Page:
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Mr McCully defended not becoming involved in the case for seven weeks - after the story had broken in the media - in an interview with RNZ this morning.
"It's a good and proper process to leave these matters to the prosecutorial authorities, the police on one hand and the consular protocol authorities."
His role was to stand back, he said.
"The appropriate thing to do here is to enable the police on one hand and the protocol people on the other to take it through the system - and that is what always happens in these cases.
"I was confident that I would be told if anything significant happened on the case."
If ministers second-guessed all advise they received from their officials, it would add heavily to their workload, Mr McCully said.
"I was entitled to believe what I was told in black and white and forwarded to the Prime Minister was correct.
"The first time there was any question about the advise that I got was when I saw the remarks by the Malaysian Foreign Minister and I thought 'Hey, this doesn't sound like the briefing material I've been given, this doesn't sound like the position that New Zealand officials told me', and that's when I asked to see the files and that's when I asked to talk to him."
Mr McCully has not offered his resignation over the matter.
But he said there did need to be someone held to account and the ministry was investigating the matter.
"I intend to see that this matter is followed through, that those responsible are held to account."
Mr McCully would not be drawn on whether heads will roll within Mfat over the debacle.
In an interview with RadioLIVE this morning he said the inquiry Mr Allen was undertaking within Mfat would establish whether any jobs were on the line over the handling of the incident.
"If I say that [heads will roll] that's going to no doubt prejudice the outcome... this is a very, very serious matter... I've made my views on that very clear. The chief executive has undertaken to me that he will conduct the appropriate inquiries and hold people to account, and that's as far as I can take it," he said.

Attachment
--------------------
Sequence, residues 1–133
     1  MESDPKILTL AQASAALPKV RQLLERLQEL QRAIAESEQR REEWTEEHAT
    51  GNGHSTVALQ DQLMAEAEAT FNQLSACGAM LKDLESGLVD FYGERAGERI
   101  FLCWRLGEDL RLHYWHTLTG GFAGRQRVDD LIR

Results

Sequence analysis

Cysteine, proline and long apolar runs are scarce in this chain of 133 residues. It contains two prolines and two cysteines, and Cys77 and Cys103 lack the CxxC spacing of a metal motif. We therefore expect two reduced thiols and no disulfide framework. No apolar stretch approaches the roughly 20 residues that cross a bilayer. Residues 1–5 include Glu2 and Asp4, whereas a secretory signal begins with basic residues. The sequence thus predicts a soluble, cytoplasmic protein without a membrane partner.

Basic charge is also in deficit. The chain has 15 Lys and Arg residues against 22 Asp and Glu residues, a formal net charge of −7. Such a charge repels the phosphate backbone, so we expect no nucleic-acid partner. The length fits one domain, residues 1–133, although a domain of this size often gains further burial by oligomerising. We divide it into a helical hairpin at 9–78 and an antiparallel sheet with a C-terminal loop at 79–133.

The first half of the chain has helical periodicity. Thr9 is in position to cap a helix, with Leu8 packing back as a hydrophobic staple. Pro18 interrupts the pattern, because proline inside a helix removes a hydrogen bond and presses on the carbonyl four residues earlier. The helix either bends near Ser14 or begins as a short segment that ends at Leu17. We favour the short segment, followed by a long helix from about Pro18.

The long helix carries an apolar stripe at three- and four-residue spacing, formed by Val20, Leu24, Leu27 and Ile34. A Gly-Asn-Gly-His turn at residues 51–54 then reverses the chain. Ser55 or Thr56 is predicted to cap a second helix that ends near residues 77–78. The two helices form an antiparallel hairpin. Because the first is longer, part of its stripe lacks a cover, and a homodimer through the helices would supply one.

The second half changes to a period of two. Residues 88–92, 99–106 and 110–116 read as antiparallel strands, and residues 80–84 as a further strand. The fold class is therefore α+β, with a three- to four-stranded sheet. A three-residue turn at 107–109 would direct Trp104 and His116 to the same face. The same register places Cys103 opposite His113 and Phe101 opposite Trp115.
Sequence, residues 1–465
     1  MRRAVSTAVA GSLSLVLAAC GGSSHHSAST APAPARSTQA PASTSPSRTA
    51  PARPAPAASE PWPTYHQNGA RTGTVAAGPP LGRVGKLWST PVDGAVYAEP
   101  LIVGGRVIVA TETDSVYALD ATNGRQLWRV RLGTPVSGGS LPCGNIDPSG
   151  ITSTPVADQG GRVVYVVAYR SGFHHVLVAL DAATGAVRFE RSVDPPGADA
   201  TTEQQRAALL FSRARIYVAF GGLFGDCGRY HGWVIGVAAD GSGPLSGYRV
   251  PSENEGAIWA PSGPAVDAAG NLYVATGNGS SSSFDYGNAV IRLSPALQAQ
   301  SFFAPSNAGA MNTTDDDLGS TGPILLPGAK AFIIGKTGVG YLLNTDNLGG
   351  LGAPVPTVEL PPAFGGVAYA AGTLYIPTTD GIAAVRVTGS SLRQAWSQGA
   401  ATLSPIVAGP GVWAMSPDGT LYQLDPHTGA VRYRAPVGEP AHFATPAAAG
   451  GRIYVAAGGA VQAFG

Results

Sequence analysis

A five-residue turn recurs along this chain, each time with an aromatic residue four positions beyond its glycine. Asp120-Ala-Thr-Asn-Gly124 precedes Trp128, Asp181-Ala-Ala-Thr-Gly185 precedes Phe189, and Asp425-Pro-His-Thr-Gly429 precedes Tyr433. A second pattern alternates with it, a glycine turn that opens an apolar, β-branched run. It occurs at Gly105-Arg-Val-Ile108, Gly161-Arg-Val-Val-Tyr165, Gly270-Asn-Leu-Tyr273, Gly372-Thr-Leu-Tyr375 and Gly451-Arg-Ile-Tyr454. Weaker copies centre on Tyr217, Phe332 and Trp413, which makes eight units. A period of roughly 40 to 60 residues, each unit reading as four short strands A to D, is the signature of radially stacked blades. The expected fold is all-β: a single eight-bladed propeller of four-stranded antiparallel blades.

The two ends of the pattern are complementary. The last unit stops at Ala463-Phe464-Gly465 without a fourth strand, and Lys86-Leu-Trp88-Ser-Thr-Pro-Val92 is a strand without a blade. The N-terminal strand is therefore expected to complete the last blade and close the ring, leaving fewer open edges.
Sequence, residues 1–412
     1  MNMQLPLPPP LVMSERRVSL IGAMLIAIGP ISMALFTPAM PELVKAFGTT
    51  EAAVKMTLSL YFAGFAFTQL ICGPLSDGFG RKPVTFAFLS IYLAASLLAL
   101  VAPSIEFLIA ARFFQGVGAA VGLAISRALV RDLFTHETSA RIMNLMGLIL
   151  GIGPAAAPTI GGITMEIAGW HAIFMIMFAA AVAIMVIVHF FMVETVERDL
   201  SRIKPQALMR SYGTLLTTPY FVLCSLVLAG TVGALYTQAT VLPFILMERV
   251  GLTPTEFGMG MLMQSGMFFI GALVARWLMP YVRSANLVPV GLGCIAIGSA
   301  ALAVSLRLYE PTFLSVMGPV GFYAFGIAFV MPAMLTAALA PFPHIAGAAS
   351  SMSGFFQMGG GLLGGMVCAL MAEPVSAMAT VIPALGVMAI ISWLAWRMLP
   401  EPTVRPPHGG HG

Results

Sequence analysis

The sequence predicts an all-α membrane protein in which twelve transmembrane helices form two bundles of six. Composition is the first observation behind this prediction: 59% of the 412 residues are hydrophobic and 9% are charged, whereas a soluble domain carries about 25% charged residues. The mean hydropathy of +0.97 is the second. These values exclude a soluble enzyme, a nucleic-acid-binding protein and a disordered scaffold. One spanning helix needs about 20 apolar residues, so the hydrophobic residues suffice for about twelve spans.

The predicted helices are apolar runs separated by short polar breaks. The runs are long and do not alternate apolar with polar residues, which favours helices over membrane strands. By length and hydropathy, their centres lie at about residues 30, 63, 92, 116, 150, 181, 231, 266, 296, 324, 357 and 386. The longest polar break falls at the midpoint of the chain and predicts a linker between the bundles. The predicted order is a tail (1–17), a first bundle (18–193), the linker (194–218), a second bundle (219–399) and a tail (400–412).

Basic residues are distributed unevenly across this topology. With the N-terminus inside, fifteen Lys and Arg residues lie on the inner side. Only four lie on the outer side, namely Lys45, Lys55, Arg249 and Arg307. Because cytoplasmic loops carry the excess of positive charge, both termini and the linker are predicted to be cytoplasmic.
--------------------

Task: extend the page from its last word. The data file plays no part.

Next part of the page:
"We need to make sure we don't have a repeat of what's occurred in recent weeks."
Former Labour Party Foreign Affairs Minister Phil Goff told Radio New Zealand Mr McCully had to explain why there was such an "extraordinary indifference or incompetence" by him and the Ministry in dealing with the matter.
"Speaking as a former foreign minister I know for a fact in an extraordinary situation like this, the minister would be right on top of the issue.
"He would be having daily negotiations and discussions through his chief executive officer in the ministry - the matter would never have been able to drift as this has been allowed to drift."
It seemed Mr McCully was more interested in sweeping the issue under the carpet than taking the matter up and seeing justice done for the alleged offence, Mr Goff said.
The Malaysian Government would be embarrassed that one of their nationals had allegedly behaved illegally, he said.
"And according to the Minister of Foreign Affairs in Malaysia, in his comments yesterday, this was always on the table, this was always on offer, it's simply that the New Zealand Government hadn't chosen to take that up."
Prime Minister John Key and Mr McCully had damaged the relationship with Malaysia by initially accusing them of not offering to waive Ismail's diplomatic immunity, Mr Goff said.